Proportional representation as the answer
Issues and representation would become meaningful at the state and federal levels only through proportional representation. This would mean establishing multi-delegate districts, so that conflicting class, cultural, identity, ethnic, and ideological differences could appear, contest, and resolve their issues in the halls of government itself. Government could then function democratically, because it would become the place where issues got discussed and resolved. At present, the discussion of real issues is exiled from the halls of government to the realm of popular movements and street-level discussion by the single-delegate system.
When popular movements get big enough, they run candidates. The hard part becomes keeping a movement-elected representative responsive to the movement constituency after election. Election shunts the candidate into the horse-trading culture of legislatures. Proportional representation would both enable and necessitate responsibility to constituencies because it would change the ethos of party structure to the issue-orientation that third party efforts prioritize, while breaking the horse-trading culture of the legislatures. In other words, it would be the minimum condition for a third party to not be futile, i.e. for a third party politics to be possible.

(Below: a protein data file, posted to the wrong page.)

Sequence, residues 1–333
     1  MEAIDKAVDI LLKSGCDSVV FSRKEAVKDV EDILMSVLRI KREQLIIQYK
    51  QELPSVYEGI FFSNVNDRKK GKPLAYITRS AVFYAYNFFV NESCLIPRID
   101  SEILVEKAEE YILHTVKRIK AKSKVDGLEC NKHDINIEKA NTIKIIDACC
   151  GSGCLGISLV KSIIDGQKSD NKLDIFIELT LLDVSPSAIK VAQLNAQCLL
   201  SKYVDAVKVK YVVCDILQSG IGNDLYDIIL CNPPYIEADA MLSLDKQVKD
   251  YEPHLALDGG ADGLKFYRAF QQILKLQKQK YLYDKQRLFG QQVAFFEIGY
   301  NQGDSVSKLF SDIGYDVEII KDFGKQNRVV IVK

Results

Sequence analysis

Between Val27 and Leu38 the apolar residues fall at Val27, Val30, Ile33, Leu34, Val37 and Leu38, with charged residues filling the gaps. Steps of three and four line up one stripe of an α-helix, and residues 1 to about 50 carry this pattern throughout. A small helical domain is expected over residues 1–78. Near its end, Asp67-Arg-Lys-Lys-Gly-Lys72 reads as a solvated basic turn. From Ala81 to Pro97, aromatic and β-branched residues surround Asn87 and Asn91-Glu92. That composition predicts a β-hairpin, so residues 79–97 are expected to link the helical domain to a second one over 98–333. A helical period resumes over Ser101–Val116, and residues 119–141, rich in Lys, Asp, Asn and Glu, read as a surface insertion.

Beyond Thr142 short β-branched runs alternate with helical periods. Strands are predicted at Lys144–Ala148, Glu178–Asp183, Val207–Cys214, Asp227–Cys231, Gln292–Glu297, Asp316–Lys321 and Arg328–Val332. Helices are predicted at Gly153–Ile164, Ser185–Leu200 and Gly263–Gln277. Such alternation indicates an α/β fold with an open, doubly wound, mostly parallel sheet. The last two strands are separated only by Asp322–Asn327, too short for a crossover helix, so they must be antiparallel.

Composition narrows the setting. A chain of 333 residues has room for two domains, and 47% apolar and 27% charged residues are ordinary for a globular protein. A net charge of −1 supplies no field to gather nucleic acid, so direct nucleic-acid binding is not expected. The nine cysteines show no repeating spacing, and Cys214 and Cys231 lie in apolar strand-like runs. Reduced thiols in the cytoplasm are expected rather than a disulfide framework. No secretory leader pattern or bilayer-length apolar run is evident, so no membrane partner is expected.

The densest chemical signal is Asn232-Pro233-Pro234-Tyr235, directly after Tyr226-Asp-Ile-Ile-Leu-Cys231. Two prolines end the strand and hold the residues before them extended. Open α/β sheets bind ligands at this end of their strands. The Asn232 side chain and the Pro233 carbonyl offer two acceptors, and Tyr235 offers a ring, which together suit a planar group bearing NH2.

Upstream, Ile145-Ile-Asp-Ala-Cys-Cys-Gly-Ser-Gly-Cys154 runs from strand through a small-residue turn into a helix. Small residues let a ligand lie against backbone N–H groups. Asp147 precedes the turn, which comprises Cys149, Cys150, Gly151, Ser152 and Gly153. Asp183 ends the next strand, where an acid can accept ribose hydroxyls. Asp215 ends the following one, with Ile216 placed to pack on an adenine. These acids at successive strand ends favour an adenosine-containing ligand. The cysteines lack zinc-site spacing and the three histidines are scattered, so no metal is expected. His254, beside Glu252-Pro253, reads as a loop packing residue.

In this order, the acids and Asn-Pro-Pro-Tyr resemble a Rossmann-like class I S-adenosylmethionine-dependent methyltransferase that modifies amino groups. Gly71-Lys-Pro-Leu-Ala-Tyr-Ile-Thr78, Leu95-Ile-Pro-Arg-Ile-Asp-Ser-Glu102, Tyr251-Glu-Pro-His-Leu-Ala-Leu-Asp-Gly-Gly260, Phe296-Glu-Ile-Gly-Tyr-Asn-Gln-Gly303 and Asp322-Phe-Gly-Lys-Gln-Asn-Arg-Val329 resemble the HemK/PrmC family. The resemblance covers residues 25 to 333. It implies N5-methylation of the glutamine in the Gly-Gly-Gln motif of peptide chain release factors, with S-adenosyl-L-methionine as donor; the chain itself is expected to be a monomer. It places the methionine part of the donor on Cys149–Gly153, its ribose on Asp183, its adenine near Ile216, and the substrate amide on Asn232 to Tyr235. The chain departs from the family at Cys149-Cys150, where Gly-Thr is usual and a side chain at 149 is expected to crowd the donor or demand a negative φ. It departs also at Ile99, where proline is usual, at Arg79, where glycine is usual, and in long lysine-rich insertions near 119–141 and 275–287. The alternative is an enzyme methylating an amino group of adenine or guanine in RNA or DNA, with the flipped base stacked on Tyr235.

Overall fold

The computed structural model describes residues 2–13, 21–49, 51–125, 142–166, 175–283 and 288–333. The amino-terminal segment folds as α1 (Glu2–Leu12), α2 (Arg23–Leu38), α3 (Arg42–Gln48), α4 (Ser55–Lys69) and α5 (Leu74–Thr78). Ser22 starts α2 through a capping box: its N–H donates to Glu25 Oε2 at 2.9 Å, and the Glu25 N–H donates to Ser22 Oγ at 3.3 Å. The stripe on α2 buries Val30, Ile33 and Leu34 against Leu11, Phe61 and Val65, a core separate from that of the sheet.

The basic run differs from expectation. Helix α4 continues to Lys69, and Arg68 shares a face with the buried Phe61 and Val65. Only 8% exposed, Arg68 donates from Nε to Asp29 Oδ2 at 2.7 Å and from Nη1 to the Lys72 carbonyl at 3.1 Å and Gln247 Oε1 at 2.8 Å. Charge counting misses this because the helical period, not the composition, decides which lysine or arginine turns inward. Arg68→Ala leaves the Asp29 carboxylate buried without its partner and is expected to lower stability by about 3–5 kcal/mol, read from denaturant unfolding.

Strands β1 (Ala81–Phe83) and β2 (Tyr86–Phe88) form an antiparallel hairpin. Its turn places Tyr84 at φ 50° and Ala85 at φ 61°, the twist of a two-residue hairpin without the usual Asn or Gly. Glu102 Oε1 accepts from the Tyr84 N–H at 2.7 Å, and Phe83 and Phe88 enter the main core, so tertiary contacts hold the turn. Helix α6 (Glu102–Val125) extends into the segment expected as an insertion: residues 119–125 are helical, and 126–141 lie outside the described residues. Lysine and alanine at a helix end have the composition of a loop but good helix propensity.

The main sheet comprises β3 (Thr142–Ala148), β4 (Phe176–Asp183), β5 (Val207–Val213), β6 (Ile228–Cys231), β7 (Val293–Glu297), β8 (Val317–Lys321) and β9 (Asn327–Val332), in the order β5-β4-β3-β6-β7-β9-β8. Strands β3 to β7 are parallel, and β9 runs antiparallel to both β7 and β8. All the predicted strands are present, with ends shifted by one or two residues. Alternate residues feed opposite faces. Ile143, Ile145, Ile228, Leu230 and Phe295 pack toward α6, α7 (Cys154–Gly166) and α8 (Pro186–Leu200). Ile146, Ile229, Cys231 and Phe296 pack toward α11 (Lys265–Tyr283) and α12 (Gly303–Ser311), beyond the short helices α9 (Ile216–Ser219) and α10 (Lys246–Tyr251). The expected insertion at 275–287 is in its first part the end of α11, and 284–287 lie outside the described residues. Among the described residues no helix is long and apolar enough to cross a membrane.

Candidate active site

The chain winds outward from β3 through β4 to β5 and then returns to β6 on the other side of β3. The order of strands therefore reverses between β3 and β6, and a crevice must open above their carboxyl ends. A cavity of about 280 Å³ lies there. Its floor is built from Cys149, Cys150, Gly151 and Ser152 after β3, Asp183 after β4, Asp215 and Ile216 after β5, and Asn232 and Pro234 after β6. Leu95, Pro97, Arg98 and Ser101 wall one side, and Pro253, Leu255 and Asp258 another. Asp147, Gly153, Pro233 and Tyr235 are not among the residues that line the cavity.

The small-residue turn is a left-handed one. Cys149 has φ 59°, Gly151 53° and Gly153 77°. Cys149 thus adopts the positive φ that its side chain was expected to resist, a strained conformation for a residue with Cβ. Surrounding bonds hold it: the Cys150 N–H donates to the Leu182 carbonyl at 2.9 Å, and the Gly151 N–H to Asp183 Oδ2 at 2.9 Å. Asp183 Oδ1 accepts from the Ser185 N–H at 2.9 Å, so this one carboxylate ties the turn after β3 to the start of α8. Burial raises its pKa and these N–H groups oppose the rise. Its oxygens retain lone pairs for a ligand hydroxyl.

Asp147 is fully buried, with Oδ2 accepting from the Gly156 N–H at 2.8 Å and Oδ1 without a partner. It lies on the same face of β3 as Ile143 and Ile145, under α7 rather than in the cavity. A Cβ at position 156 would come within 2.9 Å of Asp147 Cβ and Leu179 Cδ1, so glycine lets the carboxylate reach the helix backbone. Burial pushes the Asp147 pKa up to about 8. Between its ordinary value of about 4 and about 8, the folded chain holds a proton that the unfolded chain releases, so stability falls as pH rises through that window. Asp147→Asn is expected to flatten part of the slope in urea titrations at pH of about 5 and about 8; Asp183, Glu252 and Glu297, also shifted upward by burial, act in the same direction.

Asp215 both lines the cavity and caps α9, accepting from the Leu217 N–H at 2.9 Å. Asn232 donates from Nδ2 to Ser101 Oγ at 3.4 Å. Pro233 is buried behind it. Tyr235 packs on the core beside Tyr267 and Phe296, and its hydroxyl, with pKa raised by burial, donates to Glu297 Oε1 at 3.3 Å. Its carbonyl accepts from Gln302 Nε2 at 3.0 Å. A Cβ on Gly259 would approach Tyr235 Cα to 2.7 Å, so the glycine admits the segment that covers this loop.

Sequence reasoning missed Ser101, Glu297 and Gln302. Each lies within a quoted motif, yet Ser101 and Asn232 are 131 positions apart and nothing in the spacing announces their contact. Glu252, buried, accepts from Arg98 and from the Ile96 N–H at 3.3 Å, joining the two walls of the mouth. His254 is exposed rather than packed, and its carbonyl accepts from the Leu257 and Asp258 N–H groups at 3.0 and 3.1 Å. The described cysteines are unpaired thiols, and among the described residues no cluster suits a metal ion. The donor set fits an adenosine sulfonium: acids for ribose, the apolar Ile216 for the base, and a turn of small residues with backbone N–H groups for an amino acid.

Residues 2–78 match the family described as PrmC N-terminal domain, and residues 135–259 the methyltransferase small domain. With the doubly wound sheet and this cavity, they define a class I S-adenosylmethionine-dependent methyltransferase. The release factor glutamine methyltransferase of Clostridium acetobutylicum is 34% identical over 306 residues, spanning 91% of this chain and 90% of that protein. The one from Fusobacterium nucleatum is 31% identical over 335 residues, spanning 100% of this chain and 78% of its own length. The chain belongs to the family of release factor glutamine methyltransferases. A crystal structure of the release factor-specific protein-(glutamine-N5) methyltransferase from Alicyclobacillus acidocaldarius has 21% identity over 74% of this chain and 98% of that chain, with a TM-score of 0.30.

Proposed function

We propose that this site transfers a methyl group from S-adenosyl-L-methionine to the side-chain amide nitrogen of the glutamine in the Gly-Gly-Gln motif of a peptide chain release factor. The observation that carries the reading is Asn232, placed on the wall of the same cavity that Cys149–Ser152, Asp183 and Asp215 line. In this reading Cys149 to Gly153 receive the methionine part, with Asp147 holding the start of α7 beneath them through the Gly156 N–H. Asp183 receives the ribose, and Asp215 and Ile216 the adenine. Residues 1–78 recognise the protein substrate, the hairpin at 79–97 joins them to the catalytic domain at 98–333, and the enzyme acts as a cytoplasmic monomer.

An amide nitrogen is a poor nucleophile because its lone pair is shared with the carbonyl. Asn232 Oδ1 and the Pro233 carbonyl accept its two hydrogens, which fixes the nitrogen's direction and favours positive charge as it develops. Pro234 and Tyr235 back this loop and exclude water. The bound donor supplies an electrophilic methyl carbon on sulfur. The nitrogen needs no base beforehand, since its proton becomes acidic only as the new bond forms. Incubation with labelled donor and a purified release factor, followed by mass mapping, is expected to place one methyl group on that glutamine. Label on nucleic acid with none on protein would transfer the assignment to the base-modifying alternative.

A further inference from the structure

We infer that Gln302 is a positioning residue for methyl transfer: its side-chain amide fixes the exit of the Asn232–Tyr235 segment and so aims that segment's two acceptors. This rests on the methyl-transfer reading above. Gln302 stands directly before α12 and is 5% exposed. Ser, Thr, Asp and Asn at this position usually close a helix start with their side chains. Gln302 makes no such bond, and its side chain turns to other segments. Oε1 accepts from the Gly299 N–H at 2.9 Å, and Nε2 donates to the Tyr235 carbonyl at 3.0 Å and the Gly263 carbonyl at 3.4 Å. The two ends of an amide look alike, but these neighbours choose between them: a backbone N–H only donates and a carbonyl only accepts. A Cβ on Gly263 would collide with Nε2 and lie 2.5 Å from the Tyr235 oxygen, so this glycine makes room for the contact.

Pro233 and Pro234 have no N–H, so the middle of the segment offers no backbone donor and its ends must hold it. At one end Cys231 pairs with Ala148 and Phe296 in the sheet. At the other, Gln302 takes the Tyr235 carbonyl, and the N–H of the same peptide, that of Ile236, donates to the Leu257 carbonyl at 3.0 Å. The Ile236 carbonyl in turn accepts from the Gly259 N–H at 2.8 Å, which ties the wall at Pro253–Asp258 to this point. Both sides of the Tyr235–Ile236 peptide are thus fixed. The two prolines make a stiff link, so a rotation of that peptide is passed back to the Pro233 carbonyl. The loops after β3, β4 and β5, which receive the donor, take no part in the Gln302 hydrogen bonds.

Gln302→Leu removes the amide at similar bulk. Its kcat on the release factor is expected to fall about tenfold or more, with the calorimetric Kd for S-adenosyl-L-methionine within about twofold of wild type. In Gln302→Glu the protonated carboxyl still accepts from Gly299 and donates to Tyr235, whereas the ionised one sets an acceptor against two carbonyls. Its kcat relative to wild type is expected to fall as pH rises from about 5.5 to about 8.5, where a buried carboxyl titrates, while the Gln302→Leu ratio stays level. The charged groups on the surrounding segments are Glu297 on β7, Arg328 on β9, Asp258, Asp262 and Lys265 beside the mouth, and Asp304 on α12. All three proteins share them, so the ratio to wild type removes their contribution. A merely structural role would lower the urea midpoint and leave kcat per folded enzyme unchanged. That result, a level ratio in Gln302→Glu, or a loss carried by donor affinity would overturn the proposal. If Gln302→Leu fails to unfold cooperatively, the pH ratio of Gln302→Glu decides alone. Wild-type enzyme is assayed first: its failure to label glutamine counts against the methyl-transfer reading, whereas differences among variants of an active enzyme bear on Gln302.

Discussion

Herein lies the ultimate problem. Proportional representation would require amendment of both state constitutions to facilitate multi-delegate districts. Neither major party would support such a contestation of their bipolar monopoly over the governance game. Thus, the idea of proportional representation, and the structural transformations necessary to facilitate it, must emerge from a third party effort. To be successful, the third party would have to become a majority party. In other words, a minor third party would have to become a majority party in order to make itself possible as a minor third party.
The only reason to run a candidate for president is to have him/her get arrested when s/he tries to get into the exclusive two-party presidential debates. This is something which Nader failed miserably to do in the last election. Running serious campaigns at the state level simply wastes money and the energy of good organizers.